Zoom for improvement
Photographer Olaf Mueller has never really struggled with weight. At university, he was a sporty student, working out and playing team sports regularly. After marriage and two children, he continued to be active, eat a low-carb, high-protein diet and exercise religiously.
But even those who've known him for years have been amazed by his recent transformation to a lean, mean silhouette. Apart from weight, he has shaved years off his looks. But he's swallowed no secret Benjamin Button pill. Since taking up triathlons, Mueller has transmogrified from artist to athlete in the space of months.
'I wanted to break out of the routine of my daily life. I love challenges and one day in March I decided, for myself, I must do something new,' says Mueller, 31, who did his first triathlon in June. He's signed up for the Ironman 70.3 Asia-Pacific Championship in Phuket, Thailand, on December 4 - a triathlon that involves a 1.9 kilometre swim, 90.1 kilometre cycle and 21.1 kilometre run.
The challenge of the sport, he says, is not race day itself, but the long preparation before it. 'I started [training] seven months before and it's a daily commitment.'
His wife, Jessica, is amazed that his recent self-shot pictures aren't the product of Photoshop. 'I've never been this fit in my entire life. My entire physical structure has changed,' he says.
Mueller admits he was tempted to quit in the beginning. A natural runner, he was so bad at cycling that he found it 'depressing', and swimming was even worse. But he never let go. 'I'm an extreme character; once committed, I'm in for the long run. I was tired for the first two to three months, then I hit a wall and something clicked and it stopped hurting. Now I have so much energy; if I don't train, I feel something's wrong.'
Was it hitting 30 that made you rethink your life and health?
Age had nothing to do with it. I wanted to do something new. Especially in Hong Kong, you can get so sedentary and stuck in a routine. I'm always at events and exhibitions, and the drinking culture of the city is hard to escape. I've always loved my beer, but something strange has happened recently. My body automatically rejects alcohol after a certain point. I get my fix through sport.
Do you train with others?
I train on my own - I have a busy life full of people so this is my quiet time. I get up at five in the morning to start my training routine - it used to be hard to get up early, but not any more. I live in Clear Water Bay, where there are others in group training, but I wanted to do this at my own pace.
I have an online coach - it costs about US$250 a month - who puts me on a training schedule. He plans my workouts, he understands how fast I can recover, he tells me what to do and what not to do, what sort of equipment to get, and so on. What most people do wrong is that they dive right into the routine and crash and burn. You need to build your stamina, heal your muscles and get your bones ready for the impact. The trainer helps pace me properly.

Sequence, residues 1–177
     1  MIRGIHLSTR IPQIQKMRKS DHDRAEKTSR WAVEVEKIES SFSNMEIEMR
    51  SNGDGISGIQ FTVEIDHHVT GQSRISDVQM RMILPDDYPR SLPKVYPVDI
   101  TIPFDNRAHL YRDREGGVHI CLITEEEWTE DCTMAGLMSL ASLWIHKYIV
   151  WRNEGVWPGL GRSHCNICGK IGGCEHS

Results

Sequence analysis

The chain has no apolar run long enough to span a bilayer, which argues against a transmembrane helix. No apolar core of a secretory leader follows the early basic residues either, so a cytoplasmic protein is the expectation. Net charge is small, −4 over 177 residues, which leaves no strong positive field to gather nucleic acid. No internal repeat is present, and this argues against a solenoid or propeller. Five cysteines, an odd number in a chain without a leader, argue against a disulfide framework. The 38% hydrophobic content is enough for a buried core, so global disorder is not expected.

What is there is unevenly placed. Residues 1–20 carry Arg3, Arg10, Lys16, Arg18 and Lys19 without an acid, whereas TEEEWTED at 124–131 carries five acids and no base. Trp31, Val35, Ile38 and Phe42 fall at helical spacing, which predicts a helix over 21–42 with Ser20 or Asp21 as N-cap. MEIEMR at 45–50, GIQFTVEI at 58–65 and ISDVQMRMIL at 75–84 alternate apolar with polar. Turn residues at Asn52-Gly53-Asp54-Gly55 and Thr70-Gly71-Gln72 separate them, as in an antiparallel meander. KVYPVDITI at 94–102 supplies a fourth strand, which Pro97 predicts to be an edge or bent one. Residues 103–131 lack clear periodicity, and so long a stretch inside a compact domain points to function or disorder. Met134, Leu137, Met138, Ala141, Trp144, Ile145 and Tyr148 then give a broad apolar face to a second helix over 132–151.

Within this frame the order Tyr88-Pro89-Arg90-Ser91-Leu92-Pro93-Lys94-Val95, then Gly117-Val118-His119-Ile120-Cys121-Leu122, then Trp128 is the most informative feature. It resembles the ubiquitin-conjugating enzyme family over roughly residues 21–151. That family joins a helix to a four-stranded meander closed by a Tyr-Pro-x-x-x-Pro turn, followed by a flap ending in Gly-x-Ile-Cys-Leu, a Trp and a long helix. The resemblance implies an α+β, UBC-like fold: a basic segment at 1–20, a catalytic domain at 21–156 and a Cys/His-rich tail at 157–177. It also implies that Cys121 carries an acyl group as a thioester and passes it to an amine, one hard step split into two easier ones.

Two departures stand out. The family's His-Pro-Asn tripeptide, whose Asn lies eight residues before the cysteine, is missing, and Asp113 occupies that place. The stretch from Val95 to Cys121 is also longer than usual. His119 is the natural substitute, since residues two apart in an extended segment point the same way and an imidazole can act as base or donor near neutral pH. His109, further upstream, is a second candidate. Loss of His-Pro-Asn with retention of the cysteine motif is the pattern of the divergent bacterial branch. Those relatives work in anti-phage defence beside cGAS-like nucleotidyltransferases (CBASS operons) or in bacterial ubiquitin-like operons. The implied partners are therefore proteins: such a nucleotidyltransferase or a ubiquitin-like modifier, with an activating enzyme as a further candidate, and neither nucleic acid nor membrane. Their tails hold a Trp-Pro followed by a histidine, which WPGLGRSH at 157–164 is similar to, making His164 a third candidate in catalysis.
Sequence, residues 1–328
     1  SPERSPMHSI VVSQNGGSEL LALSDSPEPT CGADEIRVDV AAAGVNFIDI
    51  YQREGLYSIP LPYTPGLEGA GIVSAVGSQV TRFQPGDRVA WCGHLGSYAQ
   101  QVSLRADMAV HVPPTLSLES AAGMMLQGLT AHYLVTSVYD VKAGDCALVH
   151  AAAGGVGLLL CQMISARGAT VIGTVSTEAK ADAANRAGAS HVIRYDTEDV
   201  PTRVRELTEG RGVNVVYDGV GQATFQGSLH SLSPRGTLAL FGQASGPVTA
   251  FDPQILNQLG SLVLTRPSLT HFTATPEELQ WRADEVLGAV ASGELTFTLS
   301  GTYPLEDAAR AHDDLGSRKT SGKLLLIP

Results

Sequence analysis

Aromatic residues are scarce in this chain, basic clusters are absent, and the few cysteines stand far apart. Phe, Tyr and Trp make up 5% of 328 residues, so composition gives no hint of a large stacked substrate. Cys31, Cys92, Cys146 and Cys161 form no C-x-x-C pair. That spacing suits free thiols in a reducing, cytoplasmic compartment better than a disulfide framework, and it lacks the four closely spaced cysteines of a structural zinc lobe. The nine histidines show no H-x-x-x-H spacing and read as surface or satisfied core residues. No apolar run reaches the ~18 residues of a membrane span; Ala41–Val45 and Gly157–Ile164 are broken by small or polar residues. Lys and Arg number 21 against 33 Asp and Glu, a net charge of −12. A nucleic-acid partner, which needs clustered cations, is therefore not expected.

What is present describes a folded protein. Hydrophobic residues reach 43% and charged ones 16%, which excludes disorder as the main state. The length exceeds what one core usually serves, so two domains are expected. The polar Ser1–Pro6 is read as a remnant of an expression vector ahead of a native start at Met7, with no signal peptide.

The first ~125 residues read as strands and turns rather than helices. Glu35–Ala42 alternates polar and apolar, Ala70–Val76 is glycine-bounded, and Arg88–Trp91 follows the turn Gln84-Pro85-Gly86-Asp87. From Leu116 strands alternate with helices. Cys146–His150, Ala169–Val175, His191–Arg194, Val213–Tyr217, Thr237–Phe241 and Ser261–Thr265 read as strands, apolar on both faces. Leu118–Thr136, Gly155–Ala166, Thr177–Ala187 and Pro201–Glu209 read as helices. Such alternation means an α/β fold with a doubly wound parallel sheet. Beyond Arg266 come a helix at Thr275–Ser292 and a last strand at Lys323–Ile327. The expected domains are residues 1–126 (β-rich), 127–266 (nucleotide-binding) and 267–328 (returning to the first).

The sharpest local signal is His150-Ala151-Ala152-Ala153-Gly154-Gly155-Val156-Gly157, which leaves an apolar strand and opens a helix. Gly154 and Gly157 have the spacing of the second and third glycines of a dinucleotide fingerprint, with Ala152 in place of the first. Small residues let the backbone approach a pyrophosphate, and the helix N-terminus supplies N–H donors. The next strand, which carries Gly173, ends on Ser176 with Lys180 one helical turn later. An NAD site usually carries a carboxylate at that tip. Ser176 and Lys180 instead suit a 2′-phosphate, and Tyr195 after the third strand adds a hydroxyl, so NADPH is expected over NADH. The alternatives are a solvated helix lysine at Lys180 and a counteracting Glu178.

How long do you train for?
I train between 14 and 16 hours per week. People think they don't have that kind of luxury of time, but it's really a matter of discipline. It's not that difficult. Because I'm up so early, I get to see my kids go to school. I work long hours, so in the past I rarely saw the kids in the morning as I was asleep.
What's the best part of your routine?
It may seem wrong but I eat more than ever - guilt-free. Most people eat less because they want to get slimmer, but my primary objective was never to get thinner - that happened automatically. I wanted to be fit, to meet the challenges. Because I burn so many calories so quickly, I get to eat whatever I like. I eat more carbohydrates, more healthy fats, and less protein, as digesting red meat makes me tired. I still enjoy wine and beer, but I drink plenty of water as alcohol is dehydrating. I don't deprive myself of anything - and still this is the best shape my body has ever been in.
Have you changed your wardrobe?
I was always a large or extra large and I have all these amazing clothes that now float on me. I still haven't had a chance to shop - my waistline has gone from 35 to 30.
But surely this isn't for everyone?
I think for me, that was part of the appeal. Only a very small part of the population has the stamina to do this, to commit to it, to not give up. I do have to say, it's an expensive sport to get into. But for me, it's been the best thing. Triathletes are the fittest people in the world.
For me, [this has] been the best thing. Triathletes are the fittest people in the world